Michael Sam, the University of Missouri defensive end, who came out earlier this year, has been drafted by the St. Louis Rams in the final round of the NFL Draft.
Sam was a first-team All-America selection at Missouri last fall after leading the SEC with 11.5 sacks. He did that after having announced his sexuality to his teammates prior to his senior year. It clearly wasn't an issue for the Tigers, who won the SEC East and the Cotton Bowl.
Sam had a disappointing spring, football-wise, posting some lackluster numbers in the combine, which lessened the buzz surrounding Sam's potentially groundbreaking selection by an NFL team. While Jason Collins was the first player to break professional sports' sexual orientation barrier earlier this year with the Brooklyn Nets, Sam's case is different from a number of reasons. The first of which is that Sam is in the infancy of his career while Collins is in his twilight.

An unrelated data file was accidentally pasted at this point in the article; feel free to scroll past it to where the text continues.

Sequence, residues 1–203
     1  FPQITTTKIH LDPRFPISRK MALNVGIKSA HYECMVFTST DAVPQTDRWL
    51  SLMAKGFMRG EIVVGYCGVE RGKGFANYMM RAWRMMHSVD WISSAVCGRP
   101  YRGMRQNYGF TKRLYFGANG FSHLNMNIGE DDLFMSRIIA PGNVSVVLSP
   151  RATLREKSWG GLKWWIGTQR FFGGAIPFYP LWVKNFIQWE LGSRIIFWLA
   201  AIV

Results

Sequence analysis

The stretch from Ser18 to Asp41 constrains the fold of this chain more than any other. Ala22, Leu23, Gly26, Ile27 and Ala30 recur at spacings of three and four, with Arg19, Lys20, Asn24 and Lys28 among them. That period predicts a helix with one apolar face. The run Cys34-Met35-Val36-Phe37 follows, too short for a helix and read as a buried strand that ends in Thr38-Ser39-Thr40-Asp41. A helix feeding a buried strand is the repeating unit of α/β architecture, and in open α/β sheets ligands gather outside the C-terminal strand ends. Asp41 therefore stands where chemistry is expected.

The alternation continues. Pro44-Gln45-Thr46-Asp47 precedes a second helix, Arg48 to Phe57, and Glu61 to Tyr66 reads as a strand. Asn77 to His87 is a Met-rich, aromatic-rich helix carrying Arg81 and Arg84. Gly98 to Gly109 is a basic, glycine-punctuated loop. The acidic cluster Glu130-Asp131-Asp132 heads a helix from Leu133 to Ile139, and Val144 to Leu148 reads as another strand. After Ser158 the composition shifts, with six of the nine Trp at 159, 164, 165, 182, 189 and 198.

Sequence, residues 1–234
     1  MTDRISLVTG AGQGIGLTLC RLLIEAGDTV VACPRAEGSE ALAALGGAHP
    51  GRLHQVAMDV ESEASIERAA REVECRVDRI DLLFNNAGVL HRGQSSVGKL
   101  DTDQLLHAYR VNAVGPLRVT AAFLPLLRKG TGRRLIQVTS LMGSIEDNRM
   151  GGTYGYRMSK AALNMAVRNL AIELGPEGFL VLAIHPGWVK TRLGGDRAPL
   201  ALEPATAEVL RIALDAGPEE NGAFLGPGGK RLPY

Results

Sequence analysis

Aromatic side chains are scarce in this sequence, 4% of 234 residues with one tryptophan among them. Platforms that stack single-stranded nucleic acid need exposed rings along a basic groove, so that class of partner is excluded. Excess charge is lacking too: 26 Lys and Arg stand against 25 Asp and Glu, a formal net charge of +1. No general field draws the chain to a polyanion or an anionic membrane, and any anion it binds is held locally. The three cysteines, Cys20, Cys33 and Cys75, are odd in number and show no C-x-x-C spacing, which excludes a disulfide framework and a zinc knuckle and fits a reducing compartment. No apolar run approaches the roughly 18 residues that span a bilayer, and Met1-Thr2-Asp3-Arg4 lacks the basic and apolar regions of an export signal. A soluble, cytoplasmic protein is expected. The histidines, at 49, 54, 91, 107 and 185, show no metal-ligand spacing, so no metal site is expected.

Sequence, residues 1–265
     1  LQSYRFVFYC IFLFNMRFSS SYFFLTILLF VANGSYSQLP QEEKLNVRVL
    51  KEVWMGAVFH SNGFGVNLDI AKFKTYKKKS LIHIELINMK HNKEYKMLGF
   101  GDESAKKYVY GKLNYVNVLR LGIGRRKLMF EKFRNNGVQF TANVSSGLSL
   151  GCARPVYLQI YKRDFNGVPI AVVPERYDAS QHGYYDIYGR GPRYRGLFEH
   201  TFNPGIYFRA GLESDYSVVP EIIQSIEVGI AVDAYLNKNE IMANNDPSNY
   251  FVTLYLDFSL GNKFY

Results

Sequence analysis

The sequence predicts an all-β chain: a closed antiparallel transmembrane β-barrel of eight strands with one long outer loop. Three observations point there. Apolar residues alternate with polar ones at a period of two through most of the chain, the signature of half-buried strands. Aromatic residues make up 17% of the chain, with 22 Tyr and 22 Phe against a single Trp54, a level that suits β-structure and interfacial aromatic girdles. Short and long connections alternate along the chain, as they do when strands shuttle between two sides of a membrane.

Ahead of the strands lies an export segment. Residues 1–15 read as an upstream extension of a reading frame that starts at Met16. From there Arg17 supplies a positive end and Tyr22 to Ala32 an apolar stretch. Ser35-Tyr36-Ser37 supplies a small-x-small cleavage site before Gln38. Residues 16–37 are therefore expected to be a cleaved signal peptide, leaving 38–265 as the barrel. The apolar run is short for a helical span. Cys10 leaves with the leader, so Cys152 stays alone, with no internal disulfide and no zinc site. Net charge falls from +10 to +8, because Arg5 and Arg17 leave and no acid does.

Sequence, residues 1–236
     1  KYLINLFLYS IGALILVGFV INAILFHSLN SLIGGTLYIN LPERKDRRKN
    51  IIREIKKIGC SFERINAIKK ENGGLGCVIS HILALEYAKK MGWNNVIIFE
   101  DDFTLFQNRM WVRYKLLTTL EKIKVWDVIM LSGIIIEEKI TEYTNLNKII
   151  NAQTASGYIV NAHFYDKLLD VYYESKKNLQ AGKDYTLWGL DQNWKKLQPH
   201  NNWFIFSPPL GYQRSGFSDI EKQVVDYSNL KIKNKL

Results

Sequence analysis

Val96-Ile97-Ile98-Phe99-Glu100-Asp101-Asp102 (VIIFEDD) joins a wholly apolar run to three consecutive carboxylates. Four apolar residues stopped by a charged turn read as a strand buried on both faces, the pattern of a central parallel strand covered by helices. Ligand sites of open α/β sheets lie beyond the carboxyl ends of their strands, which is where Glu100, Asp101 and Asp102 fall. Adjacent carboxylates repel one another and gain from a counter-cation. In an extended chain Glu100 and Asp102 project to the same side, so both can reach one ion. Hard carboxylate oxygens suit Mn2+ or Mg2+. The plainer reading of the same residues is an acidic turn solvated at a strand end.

Football is also a different animal. Team cohesion, like unit cohesion, an argument once used to keep the army segregated by race and sexual orientation at various points, has remained a focus of debates about locker-room culture. This dynamic is only magnified in the brutal NFL, which is the country's most popular sport by far and has plagued by issues like bullying and hazing in recent months.
As we noted, when Sam made his landmark announcement earlier this year, his Missouri team not only backed him up, but talked about the strength of their team's chemistry.
Here's the big moment:
This article is from the archive of our partner The Wire.